|Trekking Sapa, Vietnam|
Monday, August 11, 2014
With the aid of Max the Australian raconteur and Kangaroo Cafe owner and tour organizer, we found our way onto the train. Whilst it's no Orient Express, the 4 berth cabin is a much better way to travel than bus (I'm sure our friends in the Philippines understand what I mean). Tucked up in your little bunk it's not too difficult to get to sleep. Of course you wake up a few times through the night but on the whole, a good rest. Before I knew it, Alexandra was waking me from a deep sleep to tell me that the conductor had been knocking on the door... We have arrived... well almost, wait around for an hour and catch a minibus to Sapa, some 30 kilometers south of the China border... How exotic.
Not too long ago we had the privelege of visiting the spectacular rice terraces in Banaue and Batad with some good friends in the Philippines. The weather was perfect. So naturally, we are inclined to compare one place with another... Well the weather was also perfect in Sapa, perfect for growing rice that is. You need a lot of water to grow rice.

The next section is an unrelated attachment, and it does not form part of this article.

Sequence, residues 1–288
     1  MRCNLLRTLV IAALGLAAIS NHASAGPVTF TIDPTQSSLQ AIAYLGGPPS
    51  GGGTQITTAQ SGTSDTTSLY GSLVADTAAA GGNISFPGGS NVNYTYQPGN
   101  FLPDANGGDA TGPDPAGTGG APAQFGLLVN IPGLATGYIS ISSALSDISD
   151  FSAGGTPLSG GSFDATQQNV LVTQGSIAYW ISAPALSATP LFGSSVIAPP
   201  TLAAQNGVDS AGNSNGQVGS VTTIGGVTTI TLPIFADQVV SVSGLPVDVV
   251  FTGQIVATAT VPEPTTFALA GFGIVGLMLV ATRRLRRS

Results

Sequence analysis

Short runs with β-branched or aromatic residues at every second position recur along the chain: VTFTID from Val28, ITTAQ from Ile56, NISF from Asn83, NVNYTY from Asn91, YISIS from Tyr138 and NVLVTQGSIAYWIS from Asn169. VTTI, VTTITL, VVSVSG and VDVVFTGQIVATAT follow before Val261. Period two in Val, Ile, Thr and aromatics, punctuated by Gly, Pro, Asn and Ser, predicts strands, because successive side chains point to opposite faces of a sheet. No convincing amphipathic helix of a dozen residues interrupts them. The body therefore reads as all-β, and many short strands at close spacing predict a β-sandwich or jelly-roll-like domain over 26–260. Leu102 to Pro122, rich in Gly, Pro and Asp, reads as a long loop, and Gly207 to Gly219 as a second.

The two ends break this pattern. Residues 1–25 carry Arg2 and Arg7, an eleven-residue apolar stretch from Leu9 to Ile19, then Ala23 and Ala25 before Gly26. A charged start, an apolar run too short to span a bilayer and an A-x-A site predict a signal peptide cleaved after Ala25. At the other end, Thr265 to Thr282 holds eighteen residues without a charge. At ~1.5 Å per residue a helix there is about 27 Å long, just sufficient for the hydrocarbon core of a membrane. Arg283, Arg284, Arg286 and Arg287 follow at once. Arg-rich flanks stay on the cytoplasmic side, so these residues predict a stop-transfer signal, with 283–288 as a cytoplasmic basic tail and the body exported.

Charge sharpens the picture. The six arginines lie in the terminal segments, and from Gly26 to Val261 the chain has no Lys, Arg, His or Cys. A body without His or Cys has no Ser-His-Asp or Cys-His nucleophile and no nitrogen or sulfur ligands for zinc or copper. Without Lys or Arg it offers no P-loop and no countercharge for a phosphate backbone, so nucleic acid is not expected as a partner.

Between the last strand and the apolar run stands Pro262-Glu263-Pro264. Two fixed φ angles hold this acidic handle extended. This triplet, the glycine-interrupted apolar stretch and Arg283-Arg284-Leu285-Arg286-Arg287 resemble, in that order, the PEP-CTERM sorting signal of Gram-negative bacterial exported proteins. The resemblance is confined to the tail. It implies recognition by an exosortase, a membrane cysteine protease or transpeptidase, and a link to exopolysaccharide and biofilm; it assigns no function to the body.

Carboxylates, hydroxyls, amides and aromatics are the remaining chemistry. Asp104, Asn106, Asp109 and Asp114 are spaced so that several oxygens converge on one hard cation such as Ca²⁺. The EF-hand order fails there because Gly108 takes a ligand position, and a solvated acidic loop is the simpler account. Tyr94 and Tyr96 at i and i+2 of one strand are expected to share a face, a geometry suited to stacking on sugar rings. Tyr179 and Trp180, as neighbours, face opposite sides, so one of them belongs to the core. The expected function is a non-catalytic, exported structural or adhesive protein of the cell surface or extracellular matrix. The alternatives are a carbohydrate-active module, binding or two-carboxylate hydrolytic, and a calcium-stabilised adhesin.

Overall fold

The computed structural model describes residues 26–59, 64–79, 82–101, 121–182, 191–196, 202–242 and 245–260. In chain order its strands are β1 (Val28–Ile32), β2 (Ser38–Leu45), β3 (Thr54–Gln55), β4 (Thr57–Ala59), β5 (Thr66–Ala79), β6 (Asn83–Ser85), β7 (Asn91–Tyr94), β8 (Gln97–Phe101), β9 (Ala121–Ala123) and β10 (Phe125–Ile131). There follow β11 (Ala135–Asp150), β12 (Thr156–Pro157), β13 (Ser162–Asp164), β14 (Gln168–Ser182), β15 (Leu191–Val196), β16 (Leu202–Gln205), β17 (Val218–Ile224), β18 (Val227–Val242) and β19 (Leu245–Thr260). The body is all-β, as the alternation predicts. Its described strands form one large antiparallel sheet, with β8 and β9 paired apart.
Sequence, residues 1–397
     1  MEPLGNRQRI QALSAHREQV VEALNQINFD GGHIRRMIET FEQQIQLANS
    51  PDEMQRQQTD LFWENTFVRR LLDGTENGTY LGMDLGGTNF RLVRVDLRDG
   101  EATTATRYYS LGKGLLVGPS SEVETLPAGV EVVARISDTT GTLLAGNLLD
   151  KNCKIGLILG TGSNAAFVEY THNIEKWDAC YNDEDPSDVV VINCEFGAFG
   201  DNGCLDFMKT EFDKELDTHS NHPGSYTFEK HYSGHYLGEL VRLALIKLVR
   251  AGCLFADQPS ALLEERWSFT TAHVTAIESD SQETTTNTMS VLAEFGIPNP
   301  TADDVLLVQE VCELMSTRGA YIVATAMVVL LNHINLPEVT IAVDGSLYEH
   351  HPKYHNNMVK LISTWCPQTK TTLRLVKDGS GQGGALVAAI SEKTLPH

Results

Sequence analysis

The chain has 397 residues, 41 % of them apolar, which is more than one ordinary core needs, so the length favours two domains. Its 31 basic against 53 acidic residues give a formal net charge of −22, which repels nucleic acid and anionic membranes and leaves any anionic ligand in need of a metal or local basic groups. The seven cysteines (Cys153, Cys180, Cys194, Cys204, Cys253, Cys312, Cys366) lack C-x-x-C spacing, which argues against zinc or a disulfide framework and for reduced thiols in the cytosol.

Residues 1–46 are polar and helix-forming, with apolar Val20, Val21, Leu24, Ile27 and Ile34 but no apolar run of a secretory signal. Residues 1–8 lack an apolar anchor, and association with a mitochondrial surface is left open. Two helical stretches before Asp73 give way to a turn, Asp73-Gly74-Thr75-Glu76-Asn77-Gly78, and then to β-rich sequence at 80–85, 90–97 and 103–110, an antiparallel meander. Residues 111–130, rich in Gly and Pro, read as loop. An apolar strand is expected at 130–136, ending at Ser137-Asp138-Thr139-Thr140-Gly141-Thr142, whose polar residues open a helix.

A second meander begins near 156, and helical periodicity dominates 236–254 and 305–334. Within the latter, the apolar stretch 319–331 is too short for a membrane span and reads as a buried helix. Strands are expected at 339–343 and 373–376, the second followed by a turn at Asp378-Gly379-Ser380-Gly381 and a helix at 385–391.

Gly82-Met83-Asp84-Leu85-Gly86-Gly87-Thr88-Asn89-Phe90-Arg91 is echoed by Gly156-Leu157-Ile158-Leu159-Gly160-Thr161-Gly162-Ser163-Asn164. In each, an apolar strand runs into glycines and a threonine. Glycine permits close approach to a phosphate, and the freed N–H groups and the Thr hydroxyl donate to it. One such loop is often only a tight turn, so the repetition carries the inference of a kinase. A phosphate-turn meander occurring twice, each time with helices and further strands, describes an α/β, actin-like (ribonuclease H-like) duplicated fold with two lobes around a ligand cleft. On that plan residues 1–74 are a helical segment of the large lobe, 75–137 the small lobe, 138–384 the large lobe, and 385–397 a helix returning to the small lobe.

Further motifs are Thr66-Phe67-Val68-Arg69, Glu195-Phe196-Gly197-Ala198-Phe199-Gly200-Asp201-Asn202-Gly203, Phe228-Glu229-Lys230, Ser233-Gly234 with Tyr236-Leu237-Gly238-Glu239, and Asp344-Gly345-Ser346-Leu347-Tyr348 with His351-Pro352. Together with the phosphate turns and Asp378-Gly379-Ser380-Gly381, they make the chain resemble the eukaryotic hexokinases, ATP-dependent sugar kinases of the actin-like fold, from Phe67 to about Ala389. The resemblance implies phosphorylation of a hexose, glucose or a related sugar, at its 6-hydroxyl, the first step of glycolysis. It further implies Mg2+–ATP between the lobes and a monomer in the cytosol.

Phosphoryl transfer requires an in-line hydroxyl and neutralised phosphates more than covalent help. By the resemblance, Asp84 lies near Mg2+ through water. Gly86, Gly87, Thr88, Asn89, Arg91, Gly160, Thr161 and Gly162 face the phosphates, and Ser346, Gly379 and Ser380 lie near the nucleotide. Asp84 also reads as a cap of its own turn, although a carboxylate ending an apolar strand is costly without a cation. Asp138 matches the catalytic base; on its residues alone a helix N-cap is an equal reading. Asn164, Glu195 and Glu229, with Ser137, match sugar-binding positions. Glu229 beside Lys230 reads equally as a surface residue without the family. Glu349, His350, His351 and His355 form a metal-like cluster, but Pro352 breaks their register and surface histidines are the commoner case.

Much effort was expended in just trying to stay upright on the steep slippery trail and along the edge of the rice terraces. Fortunately we were accompanied by sure footed H'mong ladies including one who is due to give birth in 2 weeks, always ready to extend a helping hand. We walked through valleys and over hills, through lush bamboo forests infested with leeches, luckily our guide saved Alex from one. On the second day the weather lifted a little and we did get to see more of the terraces. And like the Philippines, they too were spectacular.
Our little 2 day trekking Sapa tour took us from the tourist town of Sapa through the villages of Linh Ho, Lao Chai, Ta Van and Giang Ta. Along the way we encountered several different tribes including various H'mong (pronounced "mong"), Dzay, Dzao and others. What we didn't see in terms of views were made up for by the time spent with the hill tribe people, especially our guide.
Su is a humble lady with a warm smiling face that lights up the mountain. She never had the opportunity to go to school and says she cannot read. Happily the government does now provide free primary age schooling which her children attend.